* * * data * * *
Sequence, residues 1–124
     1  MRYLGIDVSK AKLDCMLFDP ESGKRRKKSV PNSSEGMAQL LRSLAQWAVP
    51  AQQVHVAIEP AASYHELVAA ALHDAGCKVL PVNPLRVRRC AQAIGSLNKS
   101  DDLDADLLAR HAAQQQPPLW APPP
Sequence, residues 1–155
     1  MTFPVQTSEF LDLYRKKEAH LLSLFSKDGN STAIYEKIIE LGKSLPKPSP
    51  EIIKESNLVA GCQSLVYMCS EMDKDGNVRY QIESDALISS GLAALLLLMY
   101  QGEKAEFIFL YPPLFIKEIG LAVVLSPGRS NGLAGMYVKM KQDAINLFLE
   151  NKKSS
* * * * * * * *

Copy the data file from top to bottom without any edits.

Sequence, residues 1–124
     1  MRYLGIDVSK AKLDCMLFDP ESGKRRKKSV PNSSEGMAQL LRSLAQWAVP
    51  AQQVHVAIEP AASYHELVAA ALHDAGCKVL PVNPLRVRRC AQAIGSLNKS
   101  DDLDADLLAR HAAQQQPPLW APPP
Sequence, residues 1–155
     1  MTFPVQTSEF LDLYRKKEAH LLSLFSKDGN STAIYEKIIE LGKSLPKPSP
    51  EIIKESNLVA GCQSLVYMCS EMDKDGNVRY QIESDALISS GLAALLLLMY
   101  QGEKAEFIFL YPPLFIKEIG LAVVLSPGRS NGLAGMYVKM KQDAINLFLE
   151  NKKSS